Joseph Kaczmarek AP

Originally published on Fri February 24, 2012 4:50 am

Philadelphia's financially troubled newspapers — the jointly owned Inquirer and Daily News — may be sold for the fourth time in six years. Circulation and advertising are down. A new set of layoffs has been announced, and the papers' newsrooms are about to be combined with the news site Philly.com.

But reporters and editors there are outraged by something else: the actions of their own publisher to influence their coverage of the company's sale.

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Europe
12:01 am
Fri February 24, 2012

Portuguese Seeking Opportunities In Former Colonies

Protesters against government austerity measures march in front of the Finance Ministry in Lisbon, Portugal, earlier this month. The country's debt crisis has prompted Portuguese workers to look to their country's former colonies for jobs.
Patricia de Melo Moreira AFP/Getty Images

Portugal is burdened with such big debts that some are calling it "the next Greece." Unemployment is soaring, and the debt continues to rise, despite draconian austerity measures.

But Portugal has something Greece doesn't have: former colonies, rich in natural resources and in need of labor, both skilled and unskilled. And in a type of role reversal, some Portuguese are now traveling to those places in hopes of improving their lives.

Antonio Valerio, who is studying pharmaceutical science at a university, is among those who see no future in Portugal.

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Middle East
12:01 am
Fri February 24, 2012

With President Leaving, Yemen Steps Into A New Era

A Yemeni man shows his ink-stained thumb after he voted in the presidential election in Yemen's capital on Feb. 21. The one-candidate election ends President Ali Abdullah Saleh's 33-year hard-line rule.
Mohammed Huwais AFP/Getty Images

Yemen has become the latest Arab country to depose its dictator.

On Monday, the country's longtime president, Ali Abdullah Saleh, is set to hand power to his vice president, Abdrabuh Mansur Hadi, as part of an agreement reached late last year. The agreement was backed by the U.S., Europe and Yemen's powerful Gulf Arab neighbors. It was ratified by more than 60 percent of Yemen's voters earlier this week.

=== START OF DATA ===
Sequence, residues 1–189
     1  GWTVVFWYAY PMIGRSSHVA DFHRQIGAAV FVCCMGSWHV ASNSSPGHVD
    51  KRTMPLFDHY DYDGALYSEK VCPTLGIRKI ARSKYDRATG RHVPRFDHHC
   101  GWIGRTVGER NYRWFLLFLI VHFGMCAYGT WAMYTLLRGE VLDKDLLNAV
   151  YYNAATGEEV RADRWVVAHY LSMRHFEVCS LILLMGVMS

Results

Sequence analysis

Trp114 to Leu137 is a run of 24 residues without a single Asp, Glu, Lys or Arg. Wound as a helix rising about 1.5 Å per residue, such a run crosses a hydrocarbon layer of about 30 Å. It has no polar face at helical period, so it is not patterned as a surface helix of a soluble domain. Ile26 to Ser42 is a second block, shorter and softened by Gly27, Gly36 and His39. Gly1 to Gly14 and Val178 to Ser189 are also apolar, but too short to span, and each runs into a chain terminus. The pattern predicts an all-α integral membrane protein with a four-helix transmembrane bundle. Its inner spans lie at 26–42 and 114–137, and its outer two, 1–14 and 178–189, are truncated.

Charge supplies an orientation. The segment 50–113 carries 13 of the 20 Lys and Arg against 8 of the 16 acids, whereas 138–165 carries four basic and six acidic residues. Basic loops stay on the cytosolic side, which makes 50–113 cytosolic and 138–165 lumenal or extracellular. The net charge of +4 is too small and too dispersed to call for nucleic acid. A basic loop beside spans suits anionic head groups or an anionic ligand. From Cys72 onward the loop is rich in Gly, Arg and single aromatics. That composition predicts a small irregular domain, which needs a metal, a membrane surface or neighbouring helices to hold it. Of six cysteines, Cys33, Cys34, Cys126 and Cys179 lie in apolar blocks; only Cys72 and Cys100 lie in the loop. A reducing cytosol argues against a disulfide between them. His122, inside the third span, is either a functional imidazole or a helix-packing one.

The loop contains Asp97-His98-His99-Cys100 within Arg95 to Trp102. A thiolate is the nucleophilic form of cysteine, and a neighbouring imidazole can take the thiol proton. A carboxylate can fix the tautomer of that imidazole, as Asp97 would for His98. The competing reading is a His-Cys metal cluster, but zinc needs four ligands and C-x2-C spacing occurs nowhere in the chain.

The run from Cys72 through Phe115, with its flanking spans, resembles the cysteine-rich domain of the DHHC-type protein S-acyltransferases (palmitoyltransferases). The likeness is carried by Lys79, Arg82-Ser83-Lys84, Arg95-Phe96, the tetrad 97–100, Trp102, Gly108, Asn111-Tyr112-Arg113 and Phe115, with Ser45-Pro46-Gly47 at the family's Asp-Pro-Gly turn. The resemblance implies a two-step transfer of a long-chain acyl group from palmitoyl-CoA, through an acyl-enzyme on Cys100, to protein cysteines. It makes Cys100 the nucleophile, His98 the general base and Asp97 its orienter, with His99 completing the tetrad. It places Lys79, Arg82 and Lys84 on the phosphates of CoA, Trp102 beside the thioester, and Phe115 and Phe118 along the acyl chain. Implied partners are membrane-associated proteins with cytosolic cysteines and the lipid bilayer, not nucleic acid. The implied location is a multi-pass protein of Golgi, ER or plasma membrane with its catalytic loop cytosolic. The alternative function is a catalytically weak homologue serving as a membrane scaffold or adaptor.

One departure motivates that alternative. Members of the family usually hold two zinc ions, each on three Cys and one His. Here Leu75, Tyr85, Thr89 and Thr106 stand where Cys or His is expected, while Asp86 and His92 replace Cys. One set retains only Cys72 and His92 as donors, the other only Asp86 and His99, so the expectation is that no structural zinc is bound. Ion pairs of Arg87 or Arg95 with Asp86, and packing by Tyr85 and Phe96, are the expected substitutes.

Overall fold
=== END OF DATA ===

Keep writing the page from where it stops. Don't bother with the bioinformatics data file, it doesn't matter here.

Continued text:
Now, the real work begins.

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Religion
10:41 pm
Thu February 23, 2012

How To Properly Dispose Of Sacred Texts

On Feb. 21 outside Bagram Airfield, Afghan demonstrators show copies of Qurans allegedly set on fire by U.S. soldiers at a NATO airbase outside Kabul.
Shah Marai AFP/Getty Images

Originally published on Fri February 24, 2012 10:24 pm

The Quran is considered to be the speech of God to humankind — word for word — explains Imam Johari Abdul-Malik.

"The traditional way of disposing of used or damaged copies of the text of the Quran is by burning it," he says.

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StoryCorps
10:00 pm
Thu February 23, 2012

Man Gives U.S. Vets Two Things: Haircuts, And Hope

The barber shop run by Anthony Bravo Esparza — whom everyone knows as "Dreamer" — is a fixture at the VA Greater Los Angeles Healthcare System's West Los Angeles Campus.
Paula Berger

Originally published on Fri March 9, 2012 11:49 am

To help U.S. troops ease back into civilian life, veteran Anthony Bravo Esparza offers them a haircut, and a safe and friendly place to hang out. Esparza — known to his friends as "Dreamer" — sees it as a way to help former soldiers find their way.

Dreamer's barbershop is easy to find; it's set up inside a trailer in the parking lot of the West Los Angeles Medical Center campus of the VA Greater Los Angeles Healthcare System.